Just recently there's something I've been noticing about my writing habits that (for some strange reason) I find extremely fascinating. It is the fact that my stories have (quite unconsciously – or perhaps subconsciously – on my part) started to form a stylistic pattern within the writing. Now, every writer has their own style of writing… or (if you are beginning writer) you will eventually develop your own style of writing with practice. Often times, writers think of "style" as simply word choice and a type of character development... perhaps your style revolves around short, concise prose, or your style is more first person rather than third person. *shrug* However, what I think we often overlook is story structure, which can be especially overlooked by pantsters (including me) who write almost everything straight off the top of their heads and try not to over-think plotline, character-development, and story building in the general sense. Pantsters don't plan story structure… we just take off. It's my belief that a book should be written as if it's being read; otherwise much of the excitement and mystery is taken out. (Outliners will probably argue with me. And don't get me wrong either… I totally respect outlining; I just don't do it well with creative writing.)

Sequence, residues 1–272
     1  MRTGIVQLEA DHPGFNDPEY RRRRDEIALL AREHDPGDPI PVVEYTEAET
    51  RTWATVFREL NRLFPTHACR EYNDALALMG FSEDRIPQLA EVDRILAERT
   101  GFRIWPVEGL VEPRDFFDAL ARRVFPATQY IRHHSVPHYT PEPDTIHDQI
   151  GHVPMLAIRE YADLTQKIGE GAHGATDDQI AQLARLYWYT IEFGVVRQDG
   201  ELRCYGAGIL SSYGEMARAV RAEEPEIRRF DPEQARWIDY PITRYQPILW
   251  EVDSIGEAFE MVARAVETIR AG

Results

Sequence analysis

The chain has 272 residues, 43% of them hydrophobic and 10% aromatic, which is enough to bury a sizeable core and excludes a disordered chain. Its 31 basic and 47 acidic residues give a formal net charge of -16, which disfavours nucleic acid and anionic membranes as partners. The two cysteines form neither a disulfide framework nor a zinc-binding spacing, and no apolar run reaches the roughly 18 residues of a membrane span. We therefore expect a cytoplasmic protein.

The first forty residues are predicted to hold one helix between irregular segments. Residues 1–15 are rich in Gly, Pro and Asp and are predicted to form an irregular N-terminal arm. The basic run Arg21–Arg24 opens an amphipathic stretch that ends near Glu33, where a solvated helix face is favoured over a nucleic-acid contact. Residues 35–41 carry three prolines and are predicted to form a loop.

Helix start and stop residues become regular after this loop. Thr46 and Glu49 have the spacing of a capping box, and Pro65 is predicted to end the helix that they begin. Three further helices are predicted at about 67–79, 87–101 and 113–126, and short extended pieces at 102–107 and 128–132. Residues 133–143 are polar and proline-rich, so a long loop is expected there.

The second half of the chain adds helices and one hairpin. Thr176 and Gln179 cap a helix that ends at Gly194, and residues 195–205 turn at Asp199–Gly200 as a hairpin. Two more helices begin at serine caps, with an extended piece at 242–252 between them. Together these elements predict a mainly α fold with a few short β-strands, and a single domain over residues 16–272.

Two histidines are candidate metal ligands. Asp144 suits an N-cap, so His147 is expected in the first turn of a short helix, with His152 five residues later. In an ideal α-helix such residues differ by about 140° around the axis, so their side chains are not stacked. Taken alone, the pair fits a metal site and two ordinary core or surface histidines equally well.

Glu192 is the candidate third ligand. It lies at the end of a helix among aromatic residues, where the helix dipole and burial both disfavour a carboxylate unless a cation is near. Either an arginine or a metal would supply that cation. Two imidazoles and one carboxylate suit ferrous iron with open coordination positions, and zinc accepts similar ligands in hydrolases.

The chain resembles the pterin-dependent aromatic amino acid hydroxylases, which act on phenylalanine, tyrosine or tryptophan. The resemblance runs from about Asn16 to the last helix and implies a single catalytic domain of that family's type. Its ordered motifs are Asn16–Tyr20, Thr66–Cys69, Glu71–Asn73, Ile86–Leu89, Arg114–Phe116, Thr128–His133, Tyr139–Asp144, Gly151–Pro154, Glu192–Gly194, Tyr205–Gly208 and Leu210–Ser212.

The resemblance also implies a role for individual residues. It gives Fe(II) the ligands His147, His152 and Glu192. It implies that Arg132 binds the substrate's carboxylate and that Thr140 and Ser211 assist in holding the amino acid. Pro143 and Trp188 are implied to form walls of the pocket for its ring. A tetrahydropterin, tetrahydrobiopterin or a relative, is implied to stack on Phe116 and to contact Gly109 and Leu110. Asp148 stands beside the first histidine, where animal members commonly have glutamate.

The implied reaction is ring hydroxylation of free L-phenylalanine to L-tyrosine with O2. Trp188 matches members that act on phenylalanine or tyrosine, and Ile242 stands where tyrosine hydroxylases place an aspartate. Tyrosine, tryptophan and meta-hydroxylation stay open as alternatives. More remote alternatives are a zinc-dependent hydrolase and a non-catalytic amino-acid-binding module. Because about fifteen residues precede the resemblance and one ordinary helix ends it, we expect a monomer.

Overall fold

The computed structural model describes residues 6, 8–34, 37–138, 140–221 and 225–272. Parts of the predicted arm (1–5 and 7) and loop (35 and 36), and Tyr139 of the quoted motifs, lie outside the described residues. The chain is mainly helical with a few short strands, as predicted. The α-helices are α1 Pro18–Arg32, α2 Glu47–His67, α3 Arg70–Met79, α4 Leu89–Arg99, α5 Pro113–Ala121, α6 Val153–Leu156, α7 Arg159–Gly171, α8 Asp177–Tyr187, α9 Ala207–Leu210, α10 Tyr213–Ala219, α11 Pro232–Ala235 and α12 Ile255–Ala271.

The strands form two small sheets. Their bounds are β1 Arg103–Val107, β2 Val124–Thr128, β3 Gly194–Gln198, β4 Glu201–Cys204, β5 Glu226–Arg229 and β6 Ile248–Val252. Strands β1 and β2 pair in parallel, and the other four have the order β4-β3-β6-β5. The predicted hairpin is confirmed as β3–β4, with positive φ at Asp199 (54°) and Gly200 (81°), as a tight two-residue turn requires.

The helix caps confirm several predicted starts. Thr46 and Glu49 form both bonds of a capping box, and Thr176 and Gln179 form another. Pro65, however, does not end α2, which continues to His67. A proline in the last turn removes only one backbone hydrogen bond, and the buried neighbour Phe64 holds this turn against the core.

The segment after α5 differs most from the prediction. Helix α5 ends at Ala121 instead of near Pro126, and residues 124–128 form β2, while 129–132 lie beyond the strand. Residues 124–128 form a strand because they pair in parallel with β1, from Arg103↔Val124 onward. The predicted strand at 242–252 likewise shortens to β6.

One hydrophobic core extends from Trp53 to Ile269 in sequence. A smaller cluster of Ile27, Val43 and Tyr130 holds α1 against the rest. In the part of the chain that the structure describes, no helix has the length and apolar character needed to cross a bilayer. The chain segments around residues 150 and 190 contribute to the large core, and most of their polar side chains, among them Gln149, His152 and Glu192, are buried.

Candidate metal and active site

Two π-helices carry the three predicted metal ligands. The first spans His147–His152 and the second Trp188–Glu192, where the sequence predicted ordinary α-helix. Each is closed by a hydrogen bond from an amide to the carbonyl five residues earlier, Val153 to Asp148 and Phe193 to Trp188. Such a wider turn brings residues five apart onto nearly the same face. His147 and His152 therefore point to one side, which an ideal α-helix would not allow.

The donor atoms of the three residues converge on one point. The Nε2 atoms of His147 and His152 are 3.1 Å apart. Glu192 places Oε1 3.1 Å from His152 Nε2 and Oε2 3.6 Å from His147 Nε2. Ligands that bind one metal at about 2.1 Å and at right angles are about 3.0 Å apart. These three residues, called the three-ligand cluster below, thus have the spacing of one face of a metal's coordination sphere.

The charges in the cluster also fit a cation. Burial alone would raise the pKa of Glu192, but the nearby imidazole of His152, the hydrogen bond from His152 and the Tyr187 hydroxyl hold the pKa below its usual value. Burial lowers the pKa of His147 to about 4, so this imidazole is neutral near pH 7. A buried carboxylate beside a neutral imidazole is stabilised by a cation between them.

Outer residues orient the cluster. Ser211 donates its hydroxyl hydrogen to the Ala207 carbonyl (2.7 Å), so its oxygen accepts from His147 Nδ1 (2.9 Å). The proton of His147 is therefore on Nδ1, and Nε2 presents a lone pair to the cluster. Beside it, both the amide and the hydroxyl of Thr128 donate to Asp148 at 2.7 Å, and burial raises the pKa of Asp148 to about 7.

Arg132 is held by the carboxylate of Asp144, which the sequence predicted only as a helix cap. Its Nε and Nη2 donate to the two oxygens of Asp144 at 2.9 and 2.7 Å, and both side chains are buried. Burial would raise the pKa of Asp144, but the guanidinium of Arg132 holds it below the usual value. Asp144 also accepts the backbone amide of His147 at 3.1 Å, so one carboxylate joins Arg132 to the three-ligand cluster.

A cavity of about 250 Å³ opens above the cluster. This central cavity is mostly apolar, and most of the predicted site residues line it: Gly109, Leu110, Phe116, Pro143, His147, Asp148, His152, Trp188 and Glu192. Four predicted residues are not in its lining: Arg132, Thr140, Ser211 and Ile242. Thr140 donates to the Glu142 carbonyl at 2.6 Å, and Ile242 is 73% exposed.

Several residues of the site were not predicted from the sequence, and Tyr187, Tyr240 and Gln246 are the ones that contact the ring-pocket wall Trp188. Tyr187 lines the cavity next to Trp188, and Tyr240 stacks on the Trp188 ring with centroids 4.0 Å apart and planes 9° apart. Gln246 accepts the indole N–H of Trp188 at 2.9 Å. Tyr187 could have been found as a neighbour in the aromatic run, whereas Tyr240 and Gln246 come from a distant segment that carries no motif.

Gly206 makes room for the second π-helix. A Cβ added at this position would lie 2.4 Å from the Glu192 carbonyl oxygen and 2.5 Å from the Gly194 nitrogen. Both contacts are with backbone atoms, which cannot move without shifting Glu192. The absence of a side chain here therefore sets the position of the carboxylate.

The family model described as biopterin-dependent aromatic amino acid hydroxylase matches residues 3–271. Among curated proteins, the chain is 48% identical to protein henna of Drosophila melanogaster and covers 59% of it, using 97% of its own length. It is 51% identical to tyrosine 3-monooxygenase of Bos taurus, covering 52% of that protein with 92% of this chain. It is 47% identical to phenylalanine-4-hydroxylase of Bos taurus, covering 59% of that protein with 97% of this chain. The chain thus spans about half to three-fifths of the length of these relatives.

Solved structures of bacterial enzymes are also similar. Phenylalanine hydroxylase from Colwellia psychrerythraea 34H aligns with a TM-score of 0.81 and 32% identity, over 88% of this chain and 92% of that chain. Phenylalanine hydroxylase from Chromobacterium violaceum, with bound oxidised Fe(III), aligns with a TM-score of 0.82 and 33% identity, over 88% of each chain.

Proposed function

What does all this have to do with style though?
Now that's interesting. I'm a pantster talking about story structure and trying to relate it to style. Sound a bit ironic to you?
But the deal is – I've discovered that my subconscious has created a type of patterning story structure for my WIP's even though I write most things straight off the top of my head. I've only just (like within the last two weeks) started to take note of these patterns and they seem to largely accumulate in the first four chapters. So, being the extremely creative person that I am, I've decided to call the patterns my "First Four Chapters" rule.
Quite the original title, if I must say so myself. What, what?! *strikes basil stag-hare pose*
Here's how it works:
(And please note before we go much farther that these observations aren't actual "rules" to write by so much as they are consistent patterns that my writing seems to follow. I refer to them as "rules" because the occurrence has happened over the span of three to four rough drafts and revisions of different stories. Therefore I assume that these are patterns that my writings will continue to follow into the future, even though the act of following them may be subconscious. That is also why I refer to these patterns as "structures" in my stories, and associate them with my writing style. Just sayin'.)